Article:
She took the man to do his laundry, said she'd be at the interstate,
but instead she bolted to the cafe, where she didn't expect so many
people, a flag outside with striped pastels and marchers. Women
holding hands, short-haired, man-like. She groaned, though she didn't
feel hostile. She wanted space. She drove home, and she realized the
man had left his phone, and how would he call for a ride? She went to
get him, finding him on a bench looking homeless. She parked and sat,
and he told her to wait. She used to date him. She used to kiss him.
She used to love him. Now he was a man, waiting for his clothes to
dry. He said he needed to fold, and she waited in the car, reading a
book, and then she popped the trunk. She said, now what? and he said
he felt bedridden. He wanted to come over. Instead she took him to his
place, where he asked her to come in, but he always did, never
touching, saying thanks for the ride.
They were quiet, and the room was like vacation. Basic training,
without her instructors. Bunk beds, and each girl was a woman. They
woke quiet, in a tiptoe, and some were friends. They spoke in
languages. There were twelve there, and her man had suggested that she
sleep there. He was from London, but now he was borrowing her car for
a ride across this country. Her, she had to be there, and he said to
her why not.
She kept her suitcase open and slept on the bottom. She put her dirty
socks in a bag, and kept her head down on the way to the bathroom. In
the kitchen people gathered with food of their own, and she needed a
code. The cafe next door had a chandelier and she spent hours there
before getting on the subway.
The man had said they might keep you up, and there might be a party.
She called him, saying it was something. There were things around the
corner, a station. The last time, she'd been alone there, walking
alone, returning alone, alone alone alone there.
She returned after midnight, to find a girl up reading, another one
with a blanket like her sister. Another slept in a ball and the girl
above her wasn't back yet.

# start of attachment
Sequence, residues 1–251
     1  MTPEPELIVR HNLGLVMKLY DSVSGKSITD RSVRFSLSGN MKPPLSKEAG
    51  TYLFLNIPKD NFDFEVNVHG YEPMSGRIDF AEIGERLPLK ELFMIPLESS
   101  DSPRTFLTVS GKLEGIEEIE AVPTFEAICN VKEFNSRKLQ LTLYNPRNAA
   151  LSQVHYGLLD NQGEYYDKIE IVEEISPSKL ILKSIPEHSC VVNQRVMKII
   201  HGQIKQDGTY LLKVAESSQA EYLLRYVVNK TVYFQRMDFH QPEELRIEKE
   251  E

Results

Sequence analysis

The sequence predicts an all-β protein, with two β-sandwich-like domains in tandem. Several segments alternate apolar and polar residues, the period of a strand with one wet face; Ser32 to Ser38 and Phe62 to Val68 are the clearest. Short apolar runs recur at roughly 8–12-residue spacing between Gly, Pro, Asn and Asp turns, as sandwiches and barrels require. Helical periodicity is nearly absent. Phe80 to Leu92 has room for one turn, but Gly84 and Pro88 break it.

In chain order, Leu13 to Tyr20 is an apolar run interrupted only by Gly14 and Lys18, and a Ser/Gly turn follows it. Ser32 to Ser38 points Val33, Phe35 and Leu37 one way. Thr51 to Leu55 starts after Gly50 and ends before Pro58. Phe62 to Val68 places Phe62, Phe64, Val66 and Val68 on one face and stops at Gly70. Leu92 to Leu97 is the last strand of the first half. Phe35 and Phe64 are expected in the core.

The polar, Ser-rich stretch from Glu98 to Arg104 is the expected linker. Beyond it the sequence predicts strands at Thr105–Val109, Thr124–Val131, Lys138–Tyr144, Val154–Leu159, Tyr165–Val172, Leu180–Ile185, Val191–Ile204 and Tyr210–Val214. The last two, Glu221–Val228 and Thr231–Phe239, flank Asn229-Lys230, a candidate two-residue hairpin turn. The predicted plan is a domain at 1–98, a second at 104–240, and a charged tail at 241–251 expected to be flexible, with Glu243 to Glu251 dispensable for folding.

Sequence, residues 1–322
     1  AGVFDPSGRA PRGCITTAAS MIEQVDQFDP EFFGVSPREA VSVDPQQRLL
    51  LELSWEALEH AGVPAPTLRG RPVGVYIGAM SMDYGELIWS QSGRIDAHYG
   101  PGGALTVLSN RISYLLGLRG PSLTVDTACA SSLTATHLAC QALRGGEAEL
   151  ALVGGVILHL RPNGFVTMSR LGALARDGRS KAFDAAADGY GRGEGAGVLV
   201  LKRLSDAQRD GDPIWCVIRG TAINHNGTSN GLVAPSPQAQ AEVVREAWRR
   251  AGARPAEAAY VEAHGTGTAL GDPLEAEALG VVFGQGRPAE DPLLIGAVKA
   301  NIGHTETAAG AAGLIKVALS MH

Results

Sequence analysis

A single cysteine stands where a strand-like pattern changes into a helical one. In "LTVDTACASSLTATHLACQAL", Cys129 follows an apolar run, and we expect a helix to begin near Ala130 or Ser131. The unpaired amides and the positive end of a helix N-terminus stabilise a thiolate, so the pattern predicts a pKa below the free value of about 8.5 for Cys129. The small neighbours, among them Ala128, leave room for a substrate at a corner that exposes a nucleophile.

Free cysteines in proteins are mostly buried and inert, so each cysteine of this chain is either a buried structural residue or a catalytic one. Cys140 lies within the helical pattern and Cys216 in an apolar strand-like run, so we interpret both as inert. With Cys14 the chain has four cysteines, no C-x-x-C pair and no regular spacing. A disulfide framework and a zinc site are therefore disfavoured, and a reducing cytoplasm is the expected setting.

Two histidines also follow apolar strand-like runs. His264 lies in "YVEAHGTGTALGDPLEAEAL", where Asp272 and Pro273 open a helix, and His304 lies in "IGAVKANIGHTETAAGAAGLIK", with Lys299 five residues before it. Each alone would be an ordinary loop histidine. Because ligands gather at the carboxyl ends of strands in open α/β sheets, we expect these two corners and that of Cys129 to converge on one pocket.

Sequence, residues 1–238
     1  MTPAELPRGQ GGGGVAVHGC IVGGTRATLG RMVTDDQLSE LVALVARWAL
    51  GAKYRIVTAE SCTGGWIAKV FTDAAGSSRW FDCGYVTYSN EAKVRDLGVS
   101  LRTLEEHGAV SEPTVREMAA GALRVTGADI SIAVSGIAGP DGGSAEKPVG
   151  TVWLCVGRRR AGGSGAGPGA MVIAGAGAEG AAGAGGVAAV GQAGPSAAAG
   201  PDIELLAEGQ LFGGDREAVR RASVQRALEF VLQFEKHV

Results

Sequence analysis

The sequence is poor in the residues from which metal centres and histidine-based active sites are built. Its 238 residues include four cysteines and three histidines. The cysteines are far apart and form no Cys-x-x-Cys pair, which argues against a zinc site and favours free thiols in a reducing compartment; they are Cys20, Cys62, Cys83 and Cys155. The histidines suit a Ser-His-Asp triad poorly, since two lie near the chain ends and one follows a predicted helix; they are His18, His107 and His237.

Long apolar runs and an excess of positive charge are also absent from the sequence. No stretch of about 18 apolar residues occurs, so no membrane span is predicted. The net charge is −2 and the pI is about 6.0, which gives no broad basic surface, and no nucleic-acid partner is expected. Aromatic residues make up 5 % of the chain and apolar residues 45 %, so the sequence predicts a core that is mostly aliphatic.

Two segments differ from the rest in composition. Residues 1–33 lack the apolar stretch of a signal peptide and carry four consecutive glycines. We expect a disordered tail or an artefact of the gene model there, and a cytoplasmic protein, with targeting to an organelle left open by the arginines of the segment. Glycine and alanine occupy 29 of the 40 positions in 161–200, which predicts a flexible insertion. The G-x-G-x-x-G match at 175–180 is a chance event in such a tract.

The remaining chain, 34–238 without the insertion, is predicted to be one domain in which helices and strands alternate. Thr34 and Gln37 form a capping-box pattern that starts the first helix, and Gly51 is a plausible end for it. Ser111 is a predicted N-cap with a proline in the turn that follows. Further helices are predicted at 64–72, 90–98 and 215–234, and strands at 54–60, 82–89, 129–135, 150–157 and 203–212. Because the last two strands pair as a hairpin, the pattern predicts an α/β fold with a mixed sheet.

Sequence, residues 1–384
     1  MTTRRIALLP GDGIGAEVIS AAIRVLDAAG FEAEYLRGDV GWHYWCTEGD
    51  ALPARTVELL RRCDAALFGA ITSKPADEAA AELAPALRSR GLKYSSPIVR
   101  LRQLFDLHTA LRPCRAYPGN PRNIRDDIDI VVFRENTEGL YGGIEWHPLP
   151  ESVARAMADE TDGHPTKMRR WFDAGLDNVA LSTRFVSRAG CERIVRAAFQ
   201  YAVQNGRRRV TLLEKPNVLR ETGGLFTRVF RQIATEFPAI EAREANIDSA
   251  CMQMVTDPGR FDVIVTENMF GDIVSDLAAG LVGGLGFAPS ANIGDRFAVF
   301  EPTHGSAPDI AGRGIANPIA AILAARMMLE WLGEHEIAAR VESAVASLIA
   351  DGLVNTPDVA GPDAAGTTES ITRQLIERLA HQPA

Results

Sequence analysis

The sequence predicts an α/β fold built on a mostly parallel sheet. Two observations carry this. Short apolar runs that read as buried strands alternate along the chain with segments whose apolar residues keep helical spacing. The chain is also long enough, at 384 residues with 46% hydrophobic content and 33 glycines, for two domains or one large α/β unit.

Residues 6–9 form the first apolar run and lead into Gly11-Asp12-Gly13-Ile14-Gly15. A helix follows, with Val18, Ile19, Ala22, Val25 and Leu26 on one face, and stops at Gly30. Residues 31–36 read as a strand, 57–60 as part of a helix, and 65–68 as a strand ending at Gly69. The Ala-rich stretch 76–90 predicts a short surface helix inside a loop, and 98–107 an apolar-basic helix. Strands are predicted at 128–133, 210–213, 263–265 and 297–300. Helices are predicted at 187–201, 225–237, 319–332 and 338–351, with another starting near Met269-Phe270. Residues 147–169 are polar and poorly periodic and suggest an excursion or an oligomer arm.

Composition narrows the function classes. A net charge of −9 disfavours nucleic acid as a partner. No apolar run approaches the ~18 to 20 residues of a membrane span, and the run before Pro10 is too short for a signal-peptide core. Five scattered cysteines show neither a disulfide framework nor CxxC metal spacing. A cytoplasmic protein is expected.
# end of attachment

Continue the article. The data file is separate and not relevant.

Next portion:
She changed into her sleep clothes. She read a book called H2O. She
took off her earrings and her make-up. She fell asleep with the dreams
of her childhood.
So he slept, and she couldn't, and she got out her computer, moved it
to the table, where his work sat unfinished, and she smelled a
brownie, a cork from a bottle. She ran her thumb over with a pebble
from a place she'd gone alone once, where the flow of the water
reminded her of peace, and she felt a chill each time she tipped her
There was a note from her son, who was on his way to sign his life off
to his country. He was certain, and now he'd been practicing his aim,
shooting off at ranges. He asked her about sit-ups, and what was it
like for her then? She wrote him, saying Honey. Honey. Honey. He was
finished as a freshman.
There was also a note from the mayor, and he'd been sending songs, the
classics and their histories, and when she once asked him which
musician was performing, he said: did it matter? She'd said that a
performer is the artist in translation. He'd been a translator, yes?
He meant well, maybe, but she'd already had plenty of lessons.
The mayor wrote about his mother. She'll live to be a hundred, he said
in the note. He sent another song, and she put on her headphones. It
was about Clinton, and his blow job and the song kept repeating blow
There was a note from the other man who'd won and she'd thanked him
for the dinner. He'd given her what seemed like well-intentioned
kindness. He asked her to a play, and said that he could fetch her,
but now she wasn't so sure about anything.
She closed her computer and turned to face the window. The shades were
open. Trees sat like the day she moved in. One was missing several
branches, probably from the storm years before.
She closed the shades, and made her way in the dark, careful not to